Workplace wellness is at last approaching adulthood, and there is exciting, transformative change ahead for both organizations and employees.
87% of employers are actively committed to workplace wellness and 73% offer programs – 2015 Health and Well-being Touchstone Survey by PricewaterhouseCoopers
Wellness programs in the workplace are not new. For decades HR departments, to lower health insurance costs and worker’s compensation claims, have offered and incentivized employees to participate in program based lifestyle changes, and encouraging participation in wellness activities outside of the workplace. The idea was that if a person improved their physical well-being, they will improve in all areas of their life.
Early corporate wellness programs were based on biometrics and specifically focused on physical health – through the education on blood pressure, cholesterol, heart health and weight management.Because of the multiple influences on an individual’s daily life, if real transformative change is going to be possible, employers and insurers will need to consider addressing the whole person – understanding how environmental and emotional factors affect wellness. It is not just about lowering numbers. It is about increasing value.
So, with much research and digging into what truly drives transformative health and well-being, the focus is now on improving not just the statistical drivers of physical health, but in addressing the wellness in five strategic areas of life. The missing link was that “wellness” had grown up into “wellbeing” and now requires strategies that
encompass all five aspects
of total wellbeing: Purpose, Social, Financial, Physical and Community..
Organizations are beginning to connect the dots between an employee’s total well-being and the value they represent to the company. In essence, the services that improve an employee’s well-being directly correlate to the wellness of an organization’s bottom line.
The future is meaningful, real “cultures” of health at work, tackling everything from physical, to emotional, to financial wellness: fair pay, healthy workspaces, inclusion of families and virtual workers, and tackling fast disappearing work/life balance, like mandating vacations and that workers unplug from always-on, wired work. – 2015 Global Wellness Summit
According to a study, Perceptions of Wellness at Work, conducted by Angele Farrell and Patricia Geist-Martin for San Diego State University, “An estimated 78% of U.S. employees say that work is their biggest source of stress. The effects of stress often result in employees taking sick days and rising workers compensation claims.”
Farrell and Geist-Martin’s research showed that in most corporate wellness programs, physical and mental health dominate the focus – while an employee’s social health has been under addressed. According to the study, “The results reveal three patterns or processes of social health: building camaraderie with peers, communing with superiors, and reconnecting with family.”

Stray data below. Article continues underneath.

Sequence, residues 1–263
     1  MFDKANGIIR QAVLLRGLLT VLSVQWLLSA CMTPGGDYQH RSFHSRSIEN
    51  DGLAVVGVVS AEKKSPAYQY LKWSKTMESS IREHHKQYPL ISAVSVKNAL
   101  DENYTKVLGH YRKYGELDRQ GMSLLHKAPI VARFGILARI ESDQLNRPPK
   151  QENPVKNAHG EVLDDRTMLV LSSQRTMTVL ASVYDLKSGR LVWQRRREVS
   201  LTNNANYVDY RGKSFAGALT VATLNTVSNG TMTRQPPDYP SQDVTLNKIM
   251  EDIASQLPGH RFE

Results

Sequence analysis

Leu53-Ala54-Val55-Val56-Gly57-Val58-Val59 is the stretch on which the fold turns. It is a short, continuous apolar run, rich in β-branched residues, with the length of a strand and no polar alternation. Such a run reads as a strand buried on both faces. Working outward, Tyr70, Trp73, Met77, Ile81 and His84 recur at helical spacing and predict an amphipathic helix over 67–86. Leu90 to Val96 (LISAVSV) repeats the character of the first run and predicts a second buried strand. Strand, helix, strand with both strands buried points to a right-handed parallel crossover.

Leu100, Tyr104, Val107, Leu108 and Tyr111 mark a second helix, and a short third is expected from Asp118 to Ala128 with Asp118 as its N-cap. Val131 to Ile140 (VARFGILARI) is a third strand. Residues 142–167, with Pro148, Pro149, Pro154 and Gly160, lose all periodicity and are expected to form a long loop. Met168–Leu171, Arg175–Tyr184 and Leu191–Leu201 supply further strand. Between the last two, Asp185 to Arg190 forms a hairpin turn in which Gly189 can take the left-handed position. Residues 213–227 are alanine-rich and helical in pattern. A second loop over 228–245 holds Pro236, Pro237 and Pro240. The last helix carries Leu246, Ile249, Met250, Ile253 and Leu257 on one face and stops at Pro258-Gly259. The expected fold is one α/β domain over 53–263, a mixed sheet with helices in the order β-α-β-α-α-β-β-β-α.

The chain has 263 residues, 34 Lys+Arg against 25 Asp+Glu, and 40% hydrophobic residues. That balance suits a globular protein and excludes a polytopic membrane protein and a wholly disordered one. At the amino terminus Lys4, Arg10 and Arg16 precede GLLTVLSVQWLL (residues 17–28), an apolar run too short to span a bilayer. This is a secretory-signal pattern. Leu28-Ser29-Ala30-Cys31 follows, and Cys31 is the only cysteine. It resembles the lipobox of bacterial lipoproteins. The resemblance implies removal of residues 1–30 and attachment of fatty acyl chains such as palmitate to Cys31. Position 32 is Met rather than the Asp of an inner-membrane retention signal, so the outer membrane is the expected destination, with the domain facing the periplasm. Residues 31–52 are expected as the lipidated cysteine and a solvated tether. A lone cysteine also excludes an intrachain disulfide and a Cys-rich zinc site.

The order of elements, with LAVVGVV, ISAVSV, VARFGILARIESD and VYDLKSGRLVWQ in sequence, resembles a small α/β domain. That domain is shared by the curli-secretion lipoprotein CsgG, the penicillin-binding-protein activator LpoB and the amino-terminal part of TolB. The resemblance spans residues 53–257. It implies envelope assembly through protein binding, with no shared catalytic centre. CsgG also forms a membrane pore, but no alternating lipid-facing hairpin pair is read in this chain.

Another critical factor impacting an employee’s total well-being is the environment in which they live, work, the inactivity of their jobs – and even the commute to and from the office. While employees work on improving their health on their time outside of the workplace, there has been little to no change in the actual work environment.
It is a constant challenge to improve wellbeing when you spend over half of your waking hours either in the car getting to and from your job, or sitting stationary at your desk when on the job.
This year, there has been a focused trend toward transforming the workplace. More and more employers are rethinking workday hours, work at home opportunities, workspace design, healthy food offerings and integrating wellness programs seamlessly into the culture of the work environment. Insular, often dark cubicle environments have given way to open concept floor plans – with little to no barrier between employees and their management teams.Centralized meeting spaces have improved employee/peer/management engagement and collaboration.
In 2011, the corporate wellness services industry reportedly generated $1.8 Billion in revenue. Today, more than 5,600 vendors that include health insurance company, and non-insurer entities reported an overall annual income of $8 Billion. – The Henry L. Kaiser Family Foundation, May 2016
Adding whole health services such as life coaches, stress management, holistic healing practitioners, professional career counseling provides avenues of support for the individual in areas of life that can affect job performance and engagement. Another strategy that some companies, mostly in Silicon Valley, have taken up is addressing job commutes and the stress it places on the employee, along with its impact on productivity. These companies provide access to company sponsored buses that run routes through the city – picking up employees and then dropping them back off at the end of the day.
In many ways, wellness is the new green. Just as society embraced a cultural commitment to improving the sustainability of our external environment, a growing interest exists in improving our internal, personal environment as an emerging sustainability strategy – 2016 Winning with Wellness Report by the U.S. Chamber of Commerce.
This is a very exciting time as more and more organizations come to replace their ROI focus with a stronger focus on the measurement of ROV (return on value). There is traction around evidence that a happy, healthy workforce reduces healthcare costs, increases company recruitment and retention and increased revenue. The value, it turns out, is in achieving total wellbeing – not only by the numbers, but one valued employee at a time.